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No one can dispute the influence of sado, the ‘way of tea’, or cha-no-yu ‘tea hot water’ on Japan’s spiritual, artistic, cultural and social heritage. Trying to explain it in several hundred words is, as the sages might say, ‘like hammering nails into tofu’. That is to say, muri! Impossible. But here’s a try.
Born from Zen Buddhist meditative precepts, and popularised among a warrior class that used its silent, private, spaces as a momentary antidote to the ever-present terror of a sudden violent death, tea has always been special. Please note that the word ‘tea’ refers to the drink, the plant, the leaves, the flavor, and, here, the ceremony and practise of the art of cha-no-you. So, tea created some of Japan’s most spectacular works of art. The gardens and teahouses of Kyoto, that city’s incomparable near-priceless raku ceramic tea bowls, its calligraphy, its poetry, indeed, even Japan’s most refined cuisine itself, kaiseki (see the cha-kaiseki post here on Foodies Go Local) – all owe their existence to, and are informed by, the ‘way of tea’.
Cha-no-yu incorporates the delicately rigorous aesthetic of wabi-sabi, the unadorned purity of natural imperfection fused with a relaxed and peaceful satisfaction in being, metaphorically if not literally, alone. It demands awareness of and sensitivity to nature, and the transience inherent in the changing of the seasons, and life. It calls for a spiritual, meditative, reflective quality in its practitioners, and encourages the socialising role of equanimous meeting. The latter is symbolised by the teahouse design, with its low entrances that require each participant to lower their head in humility – and mutual respect -upon entering.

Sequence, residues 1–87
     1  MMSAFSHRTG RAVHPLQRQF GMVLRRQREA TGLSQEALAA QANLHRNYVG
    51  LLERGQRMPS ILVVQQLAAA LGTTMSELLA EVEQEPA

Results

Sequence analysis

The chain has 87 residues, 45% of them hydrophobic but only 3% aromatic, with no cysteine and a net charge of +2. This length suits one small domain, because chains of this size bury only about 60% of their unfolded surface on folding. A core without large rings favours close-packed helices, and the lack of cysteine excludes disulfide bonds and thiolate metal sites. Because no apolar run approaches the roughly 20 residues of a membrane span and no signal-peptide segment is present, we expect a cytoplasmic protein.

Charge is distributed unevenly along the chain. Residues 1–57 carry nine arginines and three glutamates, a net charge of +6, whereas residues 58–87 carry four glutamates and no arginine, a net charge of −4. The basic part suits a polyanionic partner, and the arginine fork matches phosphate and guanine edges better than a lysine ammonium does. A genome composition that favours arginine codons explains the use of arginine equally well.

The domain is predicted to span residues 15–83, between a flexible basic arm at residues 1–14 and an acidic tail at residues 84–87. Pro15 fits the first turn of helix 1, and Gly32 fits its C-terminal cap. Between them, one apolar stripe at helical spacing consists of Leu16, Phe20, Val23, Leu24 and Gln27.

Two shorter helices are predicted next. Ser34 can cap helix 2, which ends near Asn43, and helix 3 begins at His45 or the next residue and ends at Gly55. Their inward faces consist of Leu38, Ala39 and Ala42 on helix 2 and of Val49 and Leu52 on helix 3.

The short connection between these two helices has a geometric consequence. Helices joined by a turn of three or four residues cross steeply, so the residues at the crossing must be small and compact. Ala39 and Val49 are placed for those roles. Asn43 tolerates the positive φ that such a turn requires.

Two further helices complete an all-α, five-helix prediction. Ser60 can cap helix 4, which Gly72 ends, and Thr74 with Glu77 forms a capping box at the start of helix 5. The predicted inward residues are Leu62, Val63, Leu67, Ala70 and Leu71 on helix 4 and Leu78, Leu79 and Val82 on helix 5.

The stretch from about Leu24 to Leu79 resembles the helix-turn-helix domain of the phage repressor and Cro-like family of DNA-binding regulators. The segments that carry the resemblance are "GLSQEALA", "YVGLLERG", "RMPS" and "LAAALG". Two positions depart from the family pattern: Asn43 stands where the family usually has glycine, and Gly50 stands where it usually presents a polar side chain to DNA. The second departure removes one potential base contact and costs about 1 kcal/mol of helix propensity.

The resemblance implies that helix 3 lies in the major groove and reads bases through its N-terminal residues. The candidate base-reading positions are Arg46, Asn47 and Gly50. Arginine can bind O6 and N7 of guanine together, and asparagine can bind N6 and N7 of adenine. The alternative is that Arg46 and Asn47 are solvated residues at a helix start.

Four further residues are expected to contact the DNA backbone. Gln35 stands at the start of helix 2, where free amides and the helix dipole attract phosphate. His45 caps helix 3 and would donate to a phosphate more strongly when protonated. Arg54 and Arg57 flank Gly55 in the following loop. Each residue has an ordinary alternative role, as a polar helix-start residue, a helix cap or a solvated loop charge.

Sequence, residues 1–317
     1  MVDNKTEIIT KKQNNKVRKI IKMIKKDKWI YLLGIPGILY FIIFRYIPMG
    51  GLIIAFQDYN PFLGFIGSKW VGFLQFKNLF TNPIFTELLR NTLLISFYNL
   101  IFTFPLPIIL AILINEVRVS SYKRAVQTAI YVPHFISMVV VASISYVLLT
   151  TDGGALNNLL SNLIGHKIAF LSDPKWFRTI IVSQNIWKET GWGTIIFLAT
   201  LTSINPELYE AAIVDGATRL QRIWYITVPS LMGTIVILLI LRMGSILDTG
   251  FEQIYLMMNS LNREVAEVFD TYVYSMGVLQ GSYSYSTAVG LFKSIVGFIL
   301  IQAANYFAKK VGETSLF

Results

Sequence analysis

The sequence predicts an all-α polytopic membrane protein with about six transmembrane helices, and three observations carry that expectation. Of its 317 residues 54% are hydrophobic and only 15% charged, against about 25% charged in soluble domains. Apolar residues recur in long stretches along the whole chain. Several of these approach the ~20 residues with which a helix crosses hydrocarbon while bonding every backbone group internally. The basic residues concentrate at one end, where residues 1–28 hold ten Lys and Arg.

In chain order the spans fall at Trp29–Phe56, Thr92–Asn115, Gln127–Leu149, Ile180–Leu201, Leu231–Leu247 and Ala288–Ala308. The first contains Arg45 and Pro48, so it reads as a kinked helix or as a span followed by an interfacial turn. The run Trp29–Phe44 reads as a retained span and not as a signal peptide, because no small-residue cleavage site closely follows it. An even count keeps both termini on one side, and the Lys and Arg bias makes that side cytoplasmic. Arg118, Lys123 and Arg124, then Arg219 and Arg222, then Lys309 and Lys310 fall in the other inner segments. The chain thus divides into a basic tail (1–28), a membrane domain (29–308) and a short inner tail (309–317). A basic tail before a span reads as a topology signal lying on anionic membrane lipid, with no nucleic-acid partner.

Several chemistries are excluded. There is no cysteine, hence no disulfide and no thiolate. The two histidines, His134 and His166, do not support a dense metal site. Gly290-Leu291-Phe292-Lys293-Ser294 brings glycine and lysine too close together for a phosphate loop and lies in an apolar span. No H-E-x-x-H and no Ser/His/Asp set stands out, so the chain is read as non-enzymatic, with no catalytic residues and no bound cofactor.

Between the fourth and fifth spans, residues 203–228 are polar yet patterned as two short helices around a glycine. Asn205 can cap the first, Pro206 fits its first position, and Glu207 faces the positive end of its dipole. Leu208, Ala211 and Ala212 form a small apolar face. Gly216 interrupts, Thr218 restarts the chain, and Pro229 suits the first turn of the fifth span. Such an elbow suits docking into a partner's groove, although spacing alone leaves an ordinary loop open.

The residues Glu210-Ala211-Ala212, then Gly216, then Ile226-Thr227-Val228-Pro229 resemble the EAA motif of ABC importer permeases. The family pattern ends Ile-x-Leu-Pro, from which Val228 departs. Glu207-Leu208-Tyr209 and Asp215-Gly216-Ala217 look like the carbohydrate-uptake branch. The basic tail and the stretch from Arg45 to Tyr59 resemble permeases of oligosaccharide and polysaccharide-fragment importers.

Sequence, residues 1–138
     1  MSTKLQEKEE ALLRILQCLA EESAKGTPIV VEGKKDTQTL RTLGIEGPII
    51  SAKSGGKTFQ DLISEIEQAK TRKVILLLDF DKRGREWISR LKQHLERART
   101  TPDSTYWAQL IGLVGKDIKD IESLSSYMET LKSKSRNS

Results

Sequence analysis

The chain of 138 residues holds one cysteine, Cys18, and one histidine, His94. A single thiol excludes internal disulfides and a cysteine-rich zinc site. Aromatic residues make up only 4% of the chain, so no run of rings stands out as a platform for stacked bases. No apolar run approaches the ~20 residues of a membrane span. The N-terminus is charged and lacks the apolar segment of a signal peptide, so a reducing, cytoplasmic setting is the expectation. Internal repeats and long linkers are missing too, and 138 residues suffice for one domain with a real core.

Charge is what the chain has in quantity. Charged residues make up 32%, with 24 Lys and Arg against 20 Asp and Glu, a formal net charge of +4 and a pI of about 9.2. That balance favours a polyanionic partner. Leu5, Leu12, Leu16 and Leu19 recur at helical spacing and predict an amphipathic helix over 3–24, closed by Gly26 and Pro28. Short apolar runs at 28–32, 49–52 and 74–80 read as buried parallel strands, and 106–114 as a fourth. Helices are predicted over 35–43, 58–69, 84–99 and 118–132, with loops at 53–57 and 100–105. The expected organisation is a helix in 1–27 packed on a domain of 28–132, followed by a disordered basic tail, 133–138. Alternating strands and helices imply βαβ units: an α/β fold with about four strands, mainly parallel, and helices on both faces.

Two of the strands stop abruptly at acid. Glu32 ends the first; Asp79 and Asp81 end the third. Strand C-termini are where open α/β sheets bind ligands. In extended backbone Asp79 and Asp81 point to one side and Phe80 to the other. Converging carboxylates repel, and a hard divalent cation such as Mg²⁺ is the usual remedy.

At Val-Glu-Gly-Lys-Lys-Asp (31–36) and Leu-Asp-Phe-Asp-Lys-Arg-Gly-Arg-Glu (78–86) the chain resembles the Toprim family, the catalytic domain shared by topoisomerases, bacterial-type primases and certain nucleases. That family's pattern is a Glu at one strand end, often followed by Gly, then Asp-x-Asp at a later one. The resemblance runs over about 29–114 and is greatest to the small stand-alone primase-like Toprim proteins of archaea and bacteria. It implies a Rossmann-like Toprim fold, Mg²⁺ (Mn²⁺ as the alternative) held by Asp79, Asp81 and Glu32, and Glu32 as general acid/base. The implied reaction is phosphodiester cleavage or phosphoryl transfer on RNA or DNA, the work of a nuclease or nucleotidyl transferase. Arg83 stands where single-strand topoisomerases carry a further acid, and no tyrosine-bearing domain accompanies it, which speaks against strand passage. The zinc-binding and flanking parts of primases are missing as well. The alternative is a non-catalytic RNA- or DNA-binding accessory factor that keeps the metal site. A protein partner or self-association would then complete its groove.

There is an amalgam of complexity and simplicity to every cha-no-yu tea ceremony, and an understated but very real, practical discipline. The mechanics, overtly at least, are none too complex, though these may be difficult for the beginner to master. And even more difficult for the experienced practitioner to refine.
If this all sounds a little daunting, it needn’t be. A tea ceremony can, in fact, be an informal affair among friends. In fact, a Kyoto artist friend holds tea ceremonies in a custom-built teahouse, complete with his naked body print embedded in the clay wall, exquisite tea accessories from Korea and China, Beyoncé on the stereo and a fridge packed full of Yebisu beer for imbibing afterwards. That’s my kind of cha-no-yu.
How are we doing with the explanation? Best, I suspect, to eave it to the Zen masters. Here’s a famous Zen koan riddle:
Before you study Zen, a bowl is a bowl and tea is tea.
While you are studying Zen, a bowl is no longer a bowl and tea is no longer tea.
After you’ve studied Zen, a bowl is again a bowl and tea is tea.
Hope that’s all clear now.